What's been more interesting is the resurgence of calls for electoral reform. The fact that UKIP got around 4 million votes but only one seat is probably a relief to many of us, but like it or not, it doesn't seem just. Likewise the SNP got just about half the Scottish votes cast, but nearly all of the seats.
It's not a new problem. Back in 1983 the SDP/Liberal Alliance got over 25% of the popular vote and only 23 seats. There's a classic John Cleese election broadcast all about it and PR
The current election result would certainly look better for UKIP, the Greens and even the Lib Dems under a PR system, although the SNP might not be so keen! You can see an example result for 2015 here.
Here are some more anomalies. In 2015, the Conservative Party got 36.9% of the popular vote from a 66.1% turnout. That means 24.3% of the electorate gave them an overall majority. In 1979, the Labour Party got 36.9% of the popular vote (yes - the same figure) from a 76% turnout. That's 28% of the available voters. Yet the first is a victory with an overall majority, and the second was a defeat that put Labour in the political wilderness for years. Funny how times change, eh? The effect of other parties has shifted the level of support you need to win, and likely boundary changes will make it even easier for the Tories to stay in power.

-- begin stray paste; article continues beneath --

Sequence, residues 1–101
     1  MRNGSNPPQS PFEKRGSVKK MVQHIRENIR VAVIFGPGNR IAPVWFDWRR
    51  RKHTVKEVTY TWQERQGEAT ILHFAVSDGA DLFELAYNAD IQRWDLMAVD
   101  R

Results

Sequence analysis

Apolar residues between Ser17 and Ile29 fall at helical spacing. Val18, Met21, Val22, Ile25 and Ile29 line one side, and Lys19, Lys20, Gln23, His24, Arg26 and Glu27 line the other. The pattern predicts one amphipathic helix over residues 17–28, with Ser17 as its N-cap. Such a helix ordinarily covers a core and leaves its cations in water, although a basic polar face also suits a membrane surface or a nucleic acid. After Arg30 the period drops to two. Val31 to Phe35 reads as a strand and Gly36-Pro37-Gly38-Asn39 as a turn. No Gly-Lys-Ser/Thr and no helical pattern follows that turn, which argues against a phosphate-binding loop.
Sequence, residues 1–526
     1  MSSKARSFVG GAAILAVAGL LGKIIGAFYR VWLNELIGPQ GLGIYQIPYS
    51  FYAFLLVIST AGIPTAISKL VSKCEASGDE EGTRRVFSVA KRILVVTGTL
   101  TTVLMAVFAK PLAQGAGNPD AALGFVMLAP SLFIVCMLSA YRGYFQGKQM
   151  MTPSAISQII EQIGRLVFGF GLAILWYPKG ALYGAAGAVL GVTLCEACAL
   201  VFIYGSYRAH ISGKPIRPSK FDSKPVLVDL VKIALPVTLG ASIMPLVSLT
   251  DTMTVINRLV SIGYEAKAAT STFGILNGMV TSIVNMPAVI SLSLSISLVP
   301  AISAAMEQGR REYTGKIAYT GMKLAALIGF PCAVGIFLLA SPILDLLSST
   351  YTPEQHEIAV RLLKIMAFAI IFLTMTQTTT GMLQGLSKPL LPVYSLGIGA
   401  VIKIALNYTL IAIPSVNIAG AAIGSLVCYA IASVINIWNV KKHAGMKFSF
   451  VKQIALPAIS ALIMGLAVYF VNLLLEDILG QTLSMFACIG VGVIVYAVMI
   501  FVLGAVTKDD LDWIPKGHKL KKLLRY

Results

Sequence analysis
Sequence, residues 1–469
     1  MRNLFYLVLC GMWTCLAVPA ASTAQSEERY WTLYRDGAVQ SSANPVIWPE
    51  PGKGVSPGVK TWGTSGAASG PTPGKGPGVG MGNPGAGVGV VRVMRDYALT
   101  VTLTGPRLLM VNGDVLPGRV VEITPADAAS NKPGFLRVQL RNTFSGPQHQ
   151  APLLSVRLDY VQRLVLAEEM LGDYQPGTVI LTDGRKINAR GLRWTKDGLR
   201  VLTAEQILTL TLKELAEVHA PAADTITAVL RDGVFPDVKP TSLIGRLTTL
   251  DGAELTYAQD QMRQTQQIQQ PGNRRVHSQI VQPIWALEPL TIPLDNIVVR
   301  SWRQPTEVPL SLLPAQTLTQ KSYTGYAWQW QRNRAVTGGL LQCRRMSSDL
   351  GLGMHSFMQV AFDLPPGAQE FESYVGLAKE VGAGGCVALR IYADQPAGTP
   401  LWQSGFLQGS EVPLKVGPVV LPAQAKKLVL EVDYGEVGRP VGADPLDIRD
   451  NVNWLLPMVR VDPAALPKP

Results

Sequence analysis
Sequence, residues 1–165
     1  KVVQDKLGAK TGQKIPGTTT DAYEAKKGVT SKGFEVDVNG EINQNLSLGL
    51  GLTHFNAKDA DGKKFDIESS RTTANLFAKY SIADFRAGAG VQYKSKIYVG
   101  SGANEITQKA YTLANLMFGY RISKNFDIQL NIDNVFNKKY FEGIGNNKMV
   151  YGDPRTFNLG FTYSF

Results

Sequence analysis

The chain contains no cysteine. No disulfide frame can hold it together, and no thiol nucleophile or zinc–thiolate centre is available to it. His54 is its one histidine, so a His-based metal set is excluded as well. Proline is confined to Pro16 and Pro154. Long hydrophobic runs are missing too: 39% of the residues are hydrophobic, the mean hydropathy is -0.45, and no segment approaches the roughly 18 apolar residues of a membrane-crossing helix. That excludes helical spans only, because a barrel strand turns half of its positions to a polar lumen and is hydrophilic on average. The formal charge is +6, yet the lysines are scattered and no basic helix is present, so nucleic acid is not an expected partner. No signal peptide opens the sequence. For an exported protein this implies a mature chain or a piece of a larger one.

Finally, the Daily Mirror came up with a fun statistic, although I think they took it a bit more seriously than I did. Apparently 901 Conservative votes switching to Labour in the seats with the smallest majorities would have stopped an overall majority. Doesn't prove anything other than votes really count in marginals, but not nearly as much in 'safe' seats (although 'safe' became a rather slippery term this election.)
Will we see PR for a UK general election. I doubt it. But politics is changing, and perhaps there will come a time when our electoral system needs review in order to reflect that properly.